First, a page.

Men who have occupied the seat of United States Attorney for the Southern District of New York have portrayed themselves in recent years as protectors of the investing public. Through the use of insider trading laws, which only came into effect in 1968, Rudy Giuliani, and most recenting Preet Bharara, have touted themselves as the “Sheriff of Wall Street.”
Time magazine featured Bharara on a 2012 cover with the title “This Man is Busting Wall Street” for the hundreds of cases of insider trading suits he brought and his 85 case winning streak that ended after more than five years on the job.
If he didn’t win in the courtroom, Bharara still managed to ruin lives and careers. David Ganek, who founded now-defunct hedge fund Level Global, was never charged, but his firm didn’t survive the negative publicity from Bharara’s raid of his firm.
“This is a dangerous day for private citizens and a great day for ambitious, attention-seeking prosecutors who are now being rewarded with total immunity even when they lie and leak,” Ganek told the NY Post after shutting his firm down four months after the Southern District’s roust.
Leaking and lying is how justice was served by Bharara who was fired last May. In the case against gambler, businessman, and philanthropist, Billy Walters, Chief FBI agent for Wall Street Investigations, David Chaves, admitted that he jump-started a dormant case against Walters with leaks to the Wall Street Journal and New York Times, and, “in exchange he would ‘from time to time’ receive updates from one reporter on what she had learned about the Walters case,” writes John Fund. “He also claimed that Bharara’s U.S. Attorney’s Office knew of the meeting between reporters and the senior FBI agents.”
Just who were the victims of these supposed insider-trading crimes? Bharara nor any of his predecessors, were required to identify any victims.
In sentencing Mr. Walters, Judge U.S. District Judge P. Kevin Castel said “Billy Walters is a cheater and a criminal, and not a very clever one.”
However, only the thuggish legal system believes insider-trading is cheating. Economist Murray Rothbard, speaking to the Michigan Libertarian Party Convention in 1989, pointed out, “knowing more than the other guy is what free enterprise is, whether it’s the stock market or business in general. Knowing more than the other guy, being an entrepreneur and profiting from it.”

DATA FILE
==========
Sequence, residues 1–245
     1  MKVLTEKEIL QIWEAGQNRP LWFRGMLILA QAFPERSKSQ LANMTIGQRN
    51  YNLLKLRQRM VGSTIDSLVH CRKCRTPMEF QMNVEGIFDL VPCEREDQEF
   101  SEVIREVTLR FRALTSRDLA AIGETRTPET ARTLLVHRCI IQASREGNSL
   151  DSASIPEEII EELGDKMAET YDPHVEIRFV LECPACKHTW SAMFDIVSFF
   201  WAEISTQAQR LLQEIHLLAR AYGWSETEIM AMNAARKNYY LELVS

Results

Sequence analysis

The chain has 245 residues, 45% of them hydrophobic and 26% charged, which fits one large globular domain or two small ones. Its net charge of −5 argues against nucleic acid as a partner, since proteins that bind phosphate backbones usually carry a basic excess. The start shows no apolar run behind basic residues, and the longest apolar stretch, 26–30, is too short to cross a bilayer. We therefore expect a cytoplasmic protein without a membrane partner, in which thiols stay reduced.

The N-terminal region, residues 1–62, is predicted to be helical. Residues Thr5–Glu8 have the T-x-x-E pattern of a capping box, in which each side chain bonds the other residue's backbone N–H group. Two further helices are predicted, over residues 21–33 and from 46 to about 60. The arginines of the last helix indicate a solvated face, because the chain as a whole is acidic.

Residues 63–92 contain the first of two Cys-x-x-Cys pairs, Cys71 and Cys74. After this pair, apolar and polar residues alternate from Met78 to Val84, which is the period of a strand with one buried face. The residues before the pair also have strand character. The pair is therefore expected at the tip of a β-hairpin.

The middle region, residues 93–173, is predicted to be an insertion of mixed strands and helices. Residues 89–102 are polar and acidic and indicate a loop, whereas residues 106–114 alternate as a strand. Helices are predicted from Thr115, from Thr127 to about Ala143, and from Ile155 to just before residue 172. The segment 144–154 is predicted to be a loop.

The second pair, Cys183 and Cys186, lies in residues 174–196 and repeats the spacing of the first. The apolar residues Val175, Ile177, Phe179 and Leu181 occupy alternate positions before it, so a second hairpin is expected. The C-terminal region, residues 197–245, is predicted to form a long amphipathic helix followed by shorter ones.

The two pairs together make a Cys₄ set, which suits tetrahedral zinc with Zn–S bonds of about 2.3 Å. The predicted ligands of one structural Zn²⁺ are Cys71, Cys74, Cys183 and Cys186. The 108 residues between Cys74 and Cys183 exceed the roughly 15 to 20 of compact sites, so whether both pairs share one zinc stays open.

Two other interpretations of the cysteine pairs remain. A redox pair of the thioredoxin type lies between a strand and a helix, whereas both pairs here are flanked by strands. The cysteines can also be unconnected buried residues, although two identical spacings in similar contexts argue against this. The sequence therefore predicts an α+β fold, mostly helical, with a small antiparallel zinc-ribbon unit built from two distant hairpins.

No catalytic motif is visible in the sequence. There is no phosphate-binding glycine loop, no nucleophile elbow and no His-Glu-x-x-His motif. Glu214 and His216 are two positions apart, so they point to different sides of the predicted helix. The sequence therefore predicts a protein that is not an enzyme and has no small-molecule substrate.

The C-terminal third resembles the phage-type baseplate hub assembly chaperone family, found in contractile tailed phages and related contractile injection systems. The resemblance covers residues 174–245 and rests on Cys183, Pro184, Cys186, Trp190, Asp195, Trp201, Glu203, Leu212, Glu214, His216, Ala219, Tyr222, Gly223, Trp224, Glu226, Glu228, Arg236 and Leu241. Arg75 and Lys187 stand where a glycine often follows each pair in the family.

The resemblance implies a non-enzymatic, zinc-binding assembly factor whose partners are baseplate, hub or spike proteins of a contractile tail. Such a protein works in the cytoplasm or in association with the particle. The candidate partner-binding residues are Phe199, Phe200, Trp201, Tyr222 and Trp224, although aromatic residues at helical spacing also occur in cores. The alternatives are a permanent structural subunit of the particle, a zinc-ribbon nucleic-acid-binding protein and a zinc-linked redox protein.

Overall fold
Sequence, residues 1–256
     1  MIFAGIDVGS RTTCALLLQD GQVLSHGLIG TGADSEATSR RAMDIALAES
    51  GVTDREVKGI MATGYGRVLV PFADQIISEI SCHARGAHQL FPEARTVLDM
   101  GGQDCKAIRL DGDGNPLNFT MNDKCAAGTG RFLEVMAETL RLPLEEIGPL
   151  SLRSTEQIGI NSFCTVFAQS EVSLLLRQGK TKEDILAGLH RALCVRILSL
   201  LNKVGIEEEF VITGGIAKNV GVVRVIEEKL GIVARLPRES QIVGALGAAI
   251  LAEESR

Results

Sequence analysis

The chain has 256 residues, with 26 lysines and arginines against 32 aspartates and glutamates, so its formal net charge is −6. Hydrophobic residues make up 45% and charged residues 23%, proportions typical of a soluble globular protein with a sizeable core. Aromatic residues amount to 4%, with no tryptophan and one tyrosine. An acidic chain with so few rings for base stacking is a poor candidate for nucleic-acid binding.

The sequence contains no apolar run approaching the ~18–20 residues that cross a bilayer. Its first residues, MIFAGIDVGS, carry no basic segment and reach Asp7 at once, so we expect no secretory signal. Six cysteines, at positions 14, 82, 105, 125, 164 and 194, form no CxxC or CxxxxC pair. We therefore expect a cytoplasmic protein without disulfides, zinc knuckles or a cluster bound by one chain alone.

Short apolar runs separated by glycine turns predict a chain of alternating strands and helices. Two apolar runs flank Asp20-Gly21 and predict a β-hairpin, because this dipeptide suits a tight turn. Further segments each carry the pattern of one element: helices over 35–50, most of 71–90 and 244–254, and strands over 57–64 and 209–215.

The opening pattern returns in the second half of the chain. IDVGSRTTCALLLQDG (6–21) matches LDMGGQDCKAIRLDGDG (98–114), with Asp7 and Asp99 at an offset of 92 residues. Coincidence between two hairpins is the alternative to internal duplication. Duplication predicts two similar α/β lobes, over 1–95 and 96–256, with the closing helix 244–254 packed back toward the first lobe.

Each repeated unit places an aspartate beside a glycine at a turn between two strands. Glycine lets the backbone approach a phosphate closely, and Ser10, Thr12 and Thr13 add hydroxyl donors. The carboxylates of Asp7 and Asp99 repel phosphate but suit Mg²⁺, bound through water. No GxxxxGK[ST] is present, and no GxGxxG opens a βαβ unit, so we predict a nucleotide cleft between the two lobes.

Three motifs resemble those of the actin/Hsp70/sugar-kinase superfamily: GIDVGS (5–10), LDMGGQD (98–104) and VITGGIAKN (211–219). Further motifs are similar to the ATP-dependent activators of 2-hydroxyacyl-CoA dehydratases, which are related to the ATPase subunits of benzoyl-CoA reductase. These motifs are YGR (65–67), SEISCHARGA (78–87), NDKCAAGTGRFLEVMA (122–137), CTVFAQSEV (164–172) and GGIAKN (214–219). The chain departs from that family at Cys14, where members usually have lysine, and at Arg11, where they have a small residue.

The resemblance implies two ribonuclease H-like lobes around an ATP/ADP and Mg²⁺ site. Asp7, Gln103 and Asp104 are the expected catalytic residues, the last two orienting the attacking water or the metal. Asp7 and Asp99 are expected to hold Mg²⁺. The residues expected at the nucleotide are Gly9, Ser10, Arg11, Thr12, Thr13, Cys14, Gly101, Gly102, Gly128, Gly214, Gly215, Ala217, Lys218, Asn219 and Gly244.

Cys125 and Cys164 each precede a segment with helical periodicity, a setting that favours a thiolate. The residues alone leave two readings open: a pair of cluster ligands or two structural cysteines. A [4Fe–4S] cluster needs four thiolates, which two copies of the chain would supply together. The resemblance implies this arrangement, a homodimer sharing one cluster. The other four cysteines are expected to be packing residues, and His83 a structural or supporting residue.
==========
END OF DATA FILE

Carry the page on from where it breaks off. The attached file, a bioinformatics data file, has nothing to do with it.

Insider-trading laws are a “direct assault on free markets, free enterprise, and private property rights,” Rothbard continued. “It’s a victimless crime, much like prostitution and drugs.”
Trading by insiders actually helps the economy, Rothbard said, “by syphoning assets to the most efficient people, who know more than the inefficient clucks.”
Unfortunately, the public doesn’t understand this arbitrary and capricious violation of rights, clamouring for even harsher punishment than what a U.S. attorney pursues. The average man on the street, Rothbard explains, believes Wall Streeters “should be locked up and throw away the key. They’re rich, who cares about their property rights.”
While insider trading sounds nefarious at worst and unfair, at a minimum. Philosopher Tibor Machan, wrote that what counts most for the morality of trade is respect for individual rights, not fairness. “Within the framework of such respect, insider trading is entirely unobjectionable. In addition, it can be perfectly ethically, commendable, to act based on such information: it is a matter of prudence and commercial savvy, both of which should be encouraged from those who work for a living.”
Economists recognize that allowing those with inside information to trade on it makes the market more efficient. With their trades, their information becomes reflected in a stock’s price. Nobel Prize winning economist Milton Friedman wrote, “You should want more insider trading, not less. You want to give the people most likely to have knowledge about deficiencies of the company to have the incentive to make the public aware of that.”
Robert Murphy PhD, shows how nonsensical insider-trading laws are:
To drive home just how arbitrary and non-criminal “insider trading” really is, consider this scenario: Suppose someone had been planning on buying shares of Acme, but just before doing so, he caught wind of a bad earnings report. In light of the new information (which was not yet public), the person refrained from his intended purchase. Should this person be prosecuted for insider non-trading?
Insider trading is morally right and economically sound. Yet government prosecutors uses these arbitrary laws to punish their enemies, boost their political careers, while throttling the basic rights of freedom of speech, rights to privacy and property.